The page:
Talking plug and play, and as mentioned previously this will work with all manner of devices thanks to the attached anti-twist braided rope cable with 3.5mm lead. Running inline controls that are easy to reach for muting and audio volume dial purposes, this has got to be one of the longest cables I’ve ever had the pleasure of using on a gaming headset. Coming in at around 2.4m/8ft long, I’d go as far to say that it is too long. In fact, I have absolutely no idea why Mpow have felt the need to include a cable that is so lengthy. It’s a pain too, constantly getting in the way and mixing up with the 4D armrests on my favourite Noblechairs Hero gaming chair. I’m not one to usually be bothered by using a wired headset, but I really do wish the cable on this was slightly shorter. It’s not helped by the inclusion of an integrated USB-A end either, with this weighing things down. 

But why is USB-A included? Well, by plugging the EG3 Pro into your nearest USB source you’ll be presented with the opportunity to light up the outer cups, in this case in a cool futuristic Tron blue. It’s a nice little touch, but does come with a rather big caveat – in order to utilise this feature you’ll need the USB connected device to consistently be within just a few inches of your controller, for the split in the cable – where one end goes to 3.5mm jack and the other being the USB – is far, far too short. I’m sitting here wondering why on earth the whole power feature has even been implemented. It just makes no sense unless you sit and game at a desk, leaning forward into the action with a console or PC right next to where you use your controller. I could certainly do without the fancy gimmicks for a shorter cable, the exclusion of USB-A and absolutely no lights. I’d go as far to say it would make the EG3 Pro a better headset all round.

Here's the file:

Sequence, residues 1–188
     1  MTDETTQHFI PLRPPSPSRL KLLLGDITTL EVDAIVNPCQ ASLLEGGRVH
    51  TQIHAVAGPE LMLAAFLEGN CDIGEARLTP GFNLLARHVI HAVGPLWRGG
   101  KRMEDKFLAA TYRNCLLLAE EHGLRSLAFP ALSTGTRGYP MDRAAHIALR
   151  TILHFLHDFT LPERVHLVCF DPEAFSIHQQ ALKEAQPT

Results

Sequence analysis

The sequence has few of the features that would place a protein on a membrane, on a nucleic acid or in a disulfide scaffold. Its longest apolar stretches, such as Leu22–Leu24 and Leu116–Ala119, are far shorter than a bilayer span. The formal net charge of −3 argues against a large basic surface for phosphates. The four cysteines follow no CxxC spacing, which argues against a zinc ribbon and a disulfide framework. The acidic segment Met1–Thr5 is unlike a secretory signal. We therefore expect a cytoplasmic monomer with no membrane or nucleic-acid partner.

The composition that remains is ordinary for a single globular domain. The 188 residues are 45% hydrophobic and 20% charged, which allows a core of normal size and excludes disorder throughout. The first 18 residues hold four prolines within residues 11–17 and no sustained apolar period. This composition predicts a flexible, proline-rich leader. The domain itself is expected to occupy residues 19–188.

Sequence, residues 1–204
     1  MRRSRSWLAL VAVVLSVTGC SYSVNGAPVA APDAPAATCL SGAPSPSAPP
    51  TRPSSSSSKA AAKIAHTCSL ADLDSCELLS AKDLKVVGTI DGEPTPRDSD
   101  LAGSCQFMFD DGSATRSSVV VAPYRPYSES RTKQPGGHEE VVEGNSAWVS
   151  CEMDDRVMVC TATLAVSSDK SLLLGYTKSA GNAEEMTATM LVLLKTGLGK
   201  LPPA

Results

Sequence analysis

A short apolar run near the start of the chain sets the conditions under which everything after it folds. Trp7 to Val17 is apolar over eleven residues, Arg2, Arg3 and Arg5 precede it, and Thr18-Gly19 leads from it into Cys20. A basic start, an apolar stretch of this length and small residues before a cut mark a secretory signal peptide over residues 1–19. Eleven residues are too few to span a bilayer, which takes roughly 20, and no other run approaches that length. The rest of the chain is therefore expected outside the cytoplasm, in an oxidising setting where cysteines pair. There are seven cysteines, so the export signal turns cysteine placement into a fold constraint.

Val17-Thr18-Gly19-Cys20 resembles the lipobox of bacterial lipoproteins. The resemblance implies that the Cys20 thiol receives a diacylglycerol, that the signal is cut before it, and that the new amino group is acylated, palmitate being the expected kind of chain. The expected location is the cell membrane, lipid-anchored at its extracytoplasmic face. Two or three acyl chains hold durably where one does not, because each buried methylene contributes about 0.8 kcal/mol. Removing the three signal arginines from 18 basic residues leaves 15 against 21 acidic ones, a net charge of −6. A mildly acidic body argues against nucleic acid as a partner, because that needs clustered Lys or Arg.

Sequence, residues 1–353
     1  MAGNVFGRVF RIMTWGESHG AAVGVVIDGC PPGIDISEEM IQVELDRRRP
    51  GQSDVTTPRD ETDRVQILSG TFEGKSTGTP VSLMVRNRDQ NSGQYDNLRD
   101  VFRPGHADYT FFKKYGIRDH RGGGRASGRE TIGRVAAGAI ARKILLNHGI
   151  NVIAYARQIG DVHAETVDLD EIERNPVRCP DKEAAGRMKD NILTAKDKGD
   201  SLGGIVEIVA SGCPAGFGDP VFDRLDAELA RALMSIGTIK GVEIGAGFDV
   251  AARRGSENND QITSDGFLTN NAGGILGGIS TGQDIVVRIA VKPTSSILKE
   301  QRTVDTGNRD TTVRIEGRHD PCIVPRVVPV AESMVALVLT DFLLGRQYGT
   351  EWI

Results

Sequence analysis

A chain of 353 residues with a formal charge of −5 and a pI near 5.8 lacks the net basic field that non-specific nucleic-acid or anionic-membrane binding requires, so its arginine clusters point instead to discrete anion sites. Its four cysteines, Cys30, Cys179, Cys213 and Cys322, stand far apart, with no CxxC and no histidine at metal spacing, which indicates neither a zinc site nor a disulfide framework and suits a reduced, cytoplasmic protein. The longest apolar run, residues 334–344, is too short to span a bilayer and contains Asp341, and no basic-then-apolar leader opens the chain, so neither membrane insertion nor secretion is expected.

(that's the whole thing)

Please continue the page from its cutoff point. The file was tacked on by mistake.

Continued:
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So, it may not live up to the Pro moniker that is attached, but what Mpow have managed to create with the EG3 Pro Gaming Headset is worthy of consideration. A fairly cheap price point and ease of use across multiple formats means that this should well fit the lifestyle of many, and when you throw in the reasonably light weight, the brilliant comfort, and the more than acceptable sounds it provides, if you’re in the market for a new headset then the Mpow EG3 Pro Gaming Headset should certainly be one to consider. Forget about the stupid fancy lights and power that can be attained via USB-A and there is definitely room in the market for this plucky option. 


Massive thanks to Mpow for sending over the EG3 Pro Gaming Headset for full review and unboxing purposes. If you wish to pick up the headset for yourself then you’ll find it available over on Amazon for around £39.99